Today the Liberal Democrats launched our national campaign to keep Britain in Europe. With the polls showing the outcome of this referendum is on a knife-edge, our party is determined to play a decisive role in this once in a generation fight. This will not be an easy campaign. But it is one we will relish as the UK's most outward-looking and internationalist party. Together in Europe the UK has delivered peace, created the world’s largest free trade area and given the British people the opportunity to live, work and travel freely across the continent. Now is the time to build on these achievements, not throw them all away.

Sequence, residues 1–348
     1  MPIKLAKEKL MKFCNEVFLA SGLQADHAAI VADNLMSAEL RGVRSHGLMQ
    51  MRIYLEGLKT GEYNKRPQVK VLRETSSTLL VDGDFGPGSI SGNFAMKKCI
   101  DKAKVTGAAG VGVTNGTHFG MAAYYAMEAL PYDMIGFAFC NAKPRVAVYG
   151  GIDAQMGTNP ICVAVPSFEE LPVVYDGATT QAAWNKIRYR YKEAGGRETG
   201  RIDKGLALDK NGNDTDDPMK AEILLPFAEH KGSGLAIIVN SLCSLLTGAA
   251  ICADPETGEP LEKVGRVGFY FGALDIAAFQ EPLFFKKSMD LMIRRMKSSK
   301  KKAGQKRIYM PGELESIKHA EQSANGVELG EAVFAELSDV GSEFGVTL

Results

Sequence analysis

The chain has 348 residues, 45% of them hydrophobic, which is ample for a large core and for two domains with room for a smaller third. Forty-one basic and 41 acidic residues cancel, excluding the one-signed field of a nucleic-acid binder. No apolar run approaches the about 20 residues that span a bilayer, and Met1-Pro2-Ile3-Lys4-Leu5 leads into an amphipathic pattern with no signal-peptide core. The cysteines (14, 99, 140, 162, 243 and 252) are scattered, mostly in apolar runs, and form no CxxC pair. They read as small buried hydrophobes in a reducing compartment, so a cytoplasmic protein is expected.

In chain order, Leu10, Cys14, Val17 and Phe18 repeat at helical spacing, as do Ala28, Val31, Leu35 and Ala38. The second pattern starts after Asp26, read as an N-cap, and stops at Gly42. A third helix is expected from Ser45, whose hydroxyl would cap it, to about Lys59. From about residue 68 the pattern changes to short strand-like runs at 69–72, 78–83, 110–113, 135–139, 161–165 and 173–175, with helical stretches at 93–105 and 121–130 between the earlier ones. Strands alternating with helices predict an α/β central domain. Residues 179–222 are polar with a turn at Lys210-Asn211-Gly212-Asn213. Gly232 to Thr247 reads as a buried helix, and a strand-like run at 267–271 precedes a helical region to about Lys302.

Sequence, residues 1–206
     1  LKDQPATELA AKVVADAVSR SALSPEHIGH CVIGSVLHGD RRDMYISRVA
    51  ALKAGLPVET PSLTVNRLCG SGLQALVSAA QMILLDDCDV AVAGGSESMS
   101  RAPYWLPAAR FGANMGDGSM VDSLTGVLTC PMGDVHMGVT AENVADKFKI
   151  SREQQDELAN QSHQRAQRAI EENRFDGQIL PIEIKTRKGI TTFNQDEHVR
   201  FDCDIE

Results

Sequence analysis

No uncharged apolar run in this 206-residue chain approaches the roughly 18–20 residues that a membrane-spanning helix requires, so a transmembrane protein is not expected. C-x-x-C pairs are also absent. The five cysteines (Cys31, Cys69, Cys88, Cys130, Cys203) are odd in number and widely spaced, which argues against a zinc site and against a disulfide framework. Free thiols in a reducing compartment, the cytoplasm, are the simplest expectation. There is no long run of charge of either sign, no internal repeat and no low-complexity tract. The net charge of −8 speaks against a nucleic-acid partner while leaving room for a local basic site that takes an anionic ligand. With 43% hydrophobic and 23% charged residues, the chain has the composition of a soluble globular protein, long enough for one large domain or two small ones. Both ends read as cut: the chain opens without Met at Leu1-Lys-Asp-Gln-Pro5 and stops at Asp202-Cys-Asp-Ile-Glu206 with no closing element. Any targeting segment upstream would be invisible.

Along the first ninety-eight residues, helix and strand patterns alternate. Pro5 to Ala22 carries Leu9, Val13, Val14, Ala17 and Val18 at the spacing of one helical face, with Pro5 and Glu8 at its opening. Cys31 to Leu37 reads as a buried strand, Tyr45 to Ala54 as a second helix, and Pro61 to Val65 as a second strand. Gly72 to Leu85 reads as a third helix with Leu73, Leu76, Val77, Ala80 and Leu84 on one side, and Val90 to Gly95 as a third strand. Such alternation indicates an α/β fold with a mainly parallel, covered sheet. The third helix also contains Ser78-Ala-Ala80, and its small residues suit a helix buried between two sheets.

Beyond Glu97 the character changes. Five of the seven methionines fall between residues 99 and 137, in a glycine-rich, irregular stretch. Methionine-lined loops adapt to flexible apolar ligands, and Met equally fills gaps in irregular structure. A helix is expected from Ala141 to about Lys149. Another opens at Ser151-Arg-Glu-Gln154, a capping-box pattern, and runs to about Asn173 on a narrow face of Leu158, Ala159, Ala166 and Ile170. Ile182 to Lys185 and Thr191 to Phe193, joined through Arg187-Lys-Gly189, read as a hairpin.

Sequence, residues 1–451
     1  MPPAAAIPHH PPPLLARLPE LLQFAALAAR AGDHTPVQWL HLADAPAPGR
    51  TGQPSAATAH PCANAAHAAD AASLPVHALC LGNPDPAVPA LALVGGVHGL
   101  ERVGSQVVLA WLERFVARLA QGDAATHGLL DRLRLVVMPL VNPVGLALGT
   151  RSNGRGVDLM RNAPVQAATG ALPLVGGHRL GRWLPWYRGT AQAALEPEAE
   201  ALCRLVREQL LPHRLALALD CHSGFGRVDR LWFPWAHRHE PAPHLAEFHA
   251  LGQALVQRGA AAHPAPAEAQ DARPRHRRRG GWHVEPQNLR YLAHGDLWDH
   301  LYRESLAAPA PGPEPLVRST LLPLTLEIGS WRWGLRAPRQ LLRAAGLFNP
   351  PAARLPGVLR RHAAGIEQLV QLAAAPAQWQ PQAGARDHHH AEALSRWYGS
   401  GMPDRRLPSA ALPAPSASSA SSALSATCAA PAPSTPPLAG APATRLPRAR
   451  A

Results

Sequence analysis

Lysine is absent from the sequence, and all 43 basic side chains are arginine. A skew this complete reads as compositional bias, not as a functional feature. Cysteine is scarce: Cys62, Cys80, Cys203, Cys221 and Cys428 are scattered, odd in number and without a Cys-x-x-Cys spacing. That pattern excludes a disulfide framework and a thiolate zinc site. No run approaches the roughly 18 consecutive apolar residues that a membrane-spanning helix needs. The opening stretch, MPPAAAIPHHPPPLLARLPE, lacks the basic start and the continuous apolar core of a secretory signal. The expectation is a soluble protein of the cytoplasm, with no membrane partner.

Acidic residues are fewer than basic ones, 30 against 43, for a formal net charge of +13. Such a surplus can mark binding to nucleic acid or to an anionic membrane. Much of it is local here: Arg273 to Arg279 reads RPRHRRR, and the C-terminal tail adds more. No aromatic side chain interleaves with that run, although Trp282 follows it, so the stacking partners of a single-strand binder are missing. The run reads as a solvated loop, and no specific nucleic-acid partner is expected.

Already we are hearing fear-mongering from both sides in this heated debate. On the one hand, Ukip and the feuding Leave campaigns have shamelessly seized on the events in Cologne at New Year to claim that British women will be at risk if the UK stays in Europe. On the other, David Cameron claims that the refugees he derides as a "bunch of migrants" in Calais will all descend on the other side of the Channel the minute Britain leaves the EU. The British public deserve better than this. Rather than constant mud-slinging and politicising of the world's biggest humanitarian crisis since the Second World War, we need a frank and honest debate about what is really at stake. Most importantly this should be a positive campaign, one that is fought on hope and not on fear. As we have a seen in Scotland, a referendum won through scare tactics alone risks winning the battle but losing the war.